What Is the Adjusted Mean In Statistics?
The adjusted mean arises when statistical averages must be corrected to compensate for data imbalances and large variances. Outliers present in data sets will often be removed, as they have a large impact on the calculated means of small populations. An adjusted mean can be determined by removing these outlier figures.
- Adjusted mean is used to correct statistical averages with obvious imbalances. It is calculated by removing outliers from the data set.
- Adjusted means are calculated using multiple regression equations.
- This is a preferred method for most professionals who rely heavily on statistics and their accuracy.
- Covariates are variables that the researcher can’t control but they still affect the results.
How Adjusted Mean Works
Adjusted means are also called "least-squares means" and are calculated using a multiple regression equation. Multiple regression equations are the preferred method of many researchers and most personnel professionals in achieving accurate results and information in their studies. This method will provide a more accurate result and more reliable data at the conclusion of the study, and it has been heavily relied on by scientific, financial, and various other research groups for many years.
For example, in studying both men and women who participate in a particular behavior or activity, it may be necessary to adjust the data to account for the impact of gender on the results. Without using adjusted means, results that might at first seem attributable to participating in a certain activity or behavior could be skewed by the impact of participants' gender.
In this example, men and women would be considered covariates, a type of variable that the researcher cannot control but that affects an experiment's results. Using adjusted means compensates for the covariates to see what the effect of the activity or behavior would be if there were no differences between the genders.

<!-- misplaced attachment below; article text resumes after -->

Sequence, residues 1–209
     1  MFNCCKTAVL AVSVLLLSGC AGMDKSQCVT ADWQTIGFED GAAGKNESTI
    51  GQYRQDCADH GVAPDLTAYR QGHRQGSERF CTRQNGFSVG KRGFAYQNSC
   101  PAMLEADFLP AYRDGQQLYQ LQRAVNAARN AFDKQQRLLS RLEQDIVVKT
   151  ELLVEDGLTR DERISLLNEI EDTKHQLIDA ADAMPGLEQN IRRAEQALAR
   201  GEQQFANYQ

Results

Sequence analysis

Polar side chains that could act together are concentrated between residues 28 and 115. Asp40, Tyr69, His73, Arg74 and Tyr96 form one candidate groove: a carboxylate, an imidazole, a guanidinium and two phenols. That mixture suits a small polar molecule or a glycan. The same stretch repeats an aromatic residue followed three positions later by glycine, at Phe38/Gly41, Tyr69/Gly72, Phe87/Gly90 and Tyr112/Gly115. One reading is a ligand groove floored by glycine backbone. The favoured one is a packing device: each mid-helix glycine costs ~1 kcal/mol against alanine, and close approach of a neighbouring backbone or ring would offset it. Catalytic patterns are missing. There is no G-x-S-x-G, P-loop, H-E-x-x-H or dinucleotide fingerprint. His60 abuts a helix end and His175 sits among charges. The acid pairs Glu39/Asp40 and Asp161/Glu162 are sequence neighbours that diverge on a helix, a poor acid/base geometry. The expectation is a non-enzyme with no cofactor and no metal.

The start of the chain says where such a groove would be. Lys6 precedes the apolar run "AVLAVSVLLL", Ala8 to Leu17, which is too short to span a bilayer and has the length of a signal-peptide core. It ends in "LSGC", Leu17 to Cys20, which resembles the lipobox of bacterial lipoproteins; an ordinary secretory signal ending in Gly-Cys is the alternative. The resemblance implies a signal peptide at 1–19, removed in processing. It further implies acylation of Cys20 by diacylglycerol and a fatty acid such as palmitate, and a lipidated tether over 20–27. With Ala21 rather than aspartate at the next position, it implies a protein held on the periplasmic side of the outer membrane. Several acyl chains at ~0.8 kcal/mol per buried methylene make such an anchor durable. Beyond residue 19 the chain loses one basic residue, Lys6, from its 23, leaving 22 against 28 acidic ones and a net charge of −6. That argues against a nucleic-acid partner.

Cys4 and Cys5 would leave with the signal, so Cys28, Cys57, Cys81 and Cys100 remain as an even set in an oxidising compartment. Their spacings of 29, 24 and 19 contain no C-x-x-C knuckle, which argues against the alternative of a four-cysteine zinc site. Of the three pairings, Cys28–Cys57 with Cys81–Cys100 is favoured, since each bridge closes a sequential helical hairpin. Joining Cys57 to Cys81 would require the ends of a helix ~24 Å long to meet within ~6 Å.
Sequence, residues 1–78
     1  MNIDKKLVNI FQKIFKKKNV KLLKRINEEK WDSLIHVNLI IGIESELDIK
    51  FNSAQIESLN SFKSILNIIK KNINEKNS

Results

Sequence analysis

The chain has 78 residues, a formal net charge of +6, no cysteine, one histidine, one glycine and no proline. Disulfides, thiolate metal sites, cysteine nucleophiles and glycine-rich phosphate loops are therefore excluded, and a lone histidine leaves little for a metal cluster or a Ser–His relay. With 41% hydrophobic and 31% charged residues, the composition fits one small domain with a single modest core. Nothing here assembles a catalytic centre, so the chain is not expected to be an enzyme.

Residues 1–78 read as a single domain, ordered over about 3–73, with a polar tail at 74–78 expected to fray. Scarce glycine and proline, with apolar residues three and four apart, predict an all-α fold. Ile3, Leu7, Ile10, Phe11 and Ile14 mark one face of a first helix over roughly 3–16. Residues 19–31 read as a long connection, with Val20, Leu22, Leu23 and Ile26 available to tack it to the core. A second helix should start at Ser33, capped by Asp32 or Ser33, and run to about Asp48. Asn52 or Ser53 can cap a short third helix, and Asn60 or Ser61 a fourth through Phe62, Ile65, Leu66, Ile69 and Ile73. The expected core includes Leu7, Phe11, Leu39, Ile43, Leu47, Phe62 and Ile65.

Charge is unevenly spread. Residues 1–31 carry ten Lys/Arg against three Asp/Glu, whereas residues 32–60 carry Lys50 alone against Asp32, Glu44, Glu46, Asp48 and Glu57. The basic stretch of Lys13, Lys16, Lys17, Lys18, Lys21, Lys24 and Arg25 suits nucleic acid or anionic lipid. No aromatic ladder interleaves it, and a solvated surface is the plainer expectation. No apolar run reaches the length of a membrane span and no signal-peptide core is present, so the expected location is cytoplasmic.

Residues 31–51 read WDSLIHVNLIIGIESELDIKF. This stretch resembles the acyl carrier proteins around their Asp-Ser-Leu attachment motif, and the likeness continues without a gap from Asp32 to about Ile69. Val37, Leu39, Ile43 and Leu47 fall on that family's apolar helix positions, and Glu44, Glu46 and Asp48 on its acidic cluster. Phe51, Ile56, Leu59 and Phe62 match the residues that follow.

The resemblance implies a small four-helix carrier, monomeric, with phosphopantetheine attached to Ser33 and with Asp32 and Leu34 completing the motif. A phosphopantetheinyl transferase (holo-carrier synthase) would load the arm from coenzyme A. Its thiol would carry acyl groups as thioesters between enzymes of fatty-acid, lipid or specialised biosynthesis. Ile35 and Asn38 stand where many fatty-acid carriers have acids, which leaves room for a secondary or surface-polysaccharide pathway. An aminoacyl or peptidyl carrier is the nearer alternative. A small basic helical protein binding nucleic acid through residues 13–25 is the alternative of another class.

Comparing the original and the adjusted means of any study can give you a better idea of just how much the individual factors come into play in the study overall.
Example of an Adjusted Mean
Consider the financial markets, which might adjust a mean average for a regime change, which is the term for the replacement of one government regime with another one. In theory, a new government is likely to introduce new policies and other changes, rendering comparisons between two different government styles meaningless. In order to obtain accurate results, data will need to be updated or adjusted accordingly.
Another example where an adjusted mean would be necessary for accuracy comes from the time of the Great Recession. In 2009, to ease banks' capital controls, FASB suspended the mark-to-market rule. Thereby, instantly improving the large banks’ balance sheets. If an analyst were reviewing trends in balance sheet change in 2010 for the trailing ten years, the mean average would be problematic and inaccurate.
After the suspense of mark-to-market accounting methods, the banks’ balance sheets were materially better (on paper) than they were before the change in the accounting rule. Thus, to someone simply looking at a ten year average in 2010, the results would be rather skewed without adjusting the mean for the change in mark-to-market accounting.
Using adjusted means in similarly imbalanced examples and other situations can vastly change the outcome and results, without requiring the researcher to begin the study all over again. There are a variety of other alternative methods that can be used in a research study to achieve similar results, but most of them will be significantly more challenging and time-consuming.